After arriving at the gate in Kansas City, Kevin stepped out of the cockpit and onto the jetway. After waiting for all the passengers to deplane, he returned to the aircraft to retrieve his luggage. Walking toward the rear of the aircraft, he sidestepped into a row of seats to allow the flight attendants to exit the aircraft. The flight attendant who had offered the banter before the flight hung back slightly from the others as they passed. Kevin was hoping for encouragement as she passed. None was forthcoming. After she proceeded three rows past, Kevin spoke.
“Are you sure those eleven kids can’t wait a little longer?”
She turned abruptly. “Let me guess. You’re single, you have a ranch in Texas, and you’re not interested in one-night stands.”
“You are very perceptive. And you aren’t the kind of woman who would tease a pilot into spending a lot of money, because you’re really a good Christian and are independently wealthy anyway.”
“I’m Barbara.” She said, as she offered her hand.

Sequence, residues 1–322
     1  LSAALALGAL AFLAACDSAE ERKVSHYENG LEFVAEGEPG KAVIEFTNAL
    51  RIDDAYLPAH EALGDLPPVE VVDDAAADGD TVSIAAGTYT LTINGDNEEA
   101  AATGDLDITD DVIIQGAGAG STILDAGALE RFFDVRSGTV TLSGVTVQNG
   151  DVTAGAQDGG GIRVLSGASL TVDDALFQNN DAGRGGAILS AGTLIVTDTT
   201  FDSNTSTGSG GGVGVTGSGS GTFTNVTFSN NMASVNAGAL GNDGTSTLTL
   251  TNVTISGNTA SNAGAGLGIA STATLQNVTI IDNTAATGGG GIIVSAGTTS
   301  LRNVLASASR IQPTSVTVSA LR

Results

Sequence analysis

“I’m Kevin. Nice to meet you. May I call you sometime?”
“I that would be good. Tonight is really not going to work. though.” She handed him a scrap of paper, obviously prepared ahead of time.
“I promise to call.”
“Yeah, I’ve heard that one before. We’ll see.” She turned and walked toward the forward entrance, her hips making a slightly exaggerated swaying motion.
Kevin retrieved his luggage and walked forward, turned the corner, and exited the aircraft. Steve Stricker was kneeling down, placing his flight kit on a hook on his roll aboard. They were alone.
“Uh, Steve. You sounded a little angry when we were talking in the cockpit. I think that I may have a plan that could offer some good therapy for folks like you.”
“You’re not one of those “hold hands in a hot tub” advocates are you?”
“No, just the opposite; I’m one of those ‘bang some heads together and maybe they will behave’ advocates.”
They regarded each other for a few seconds.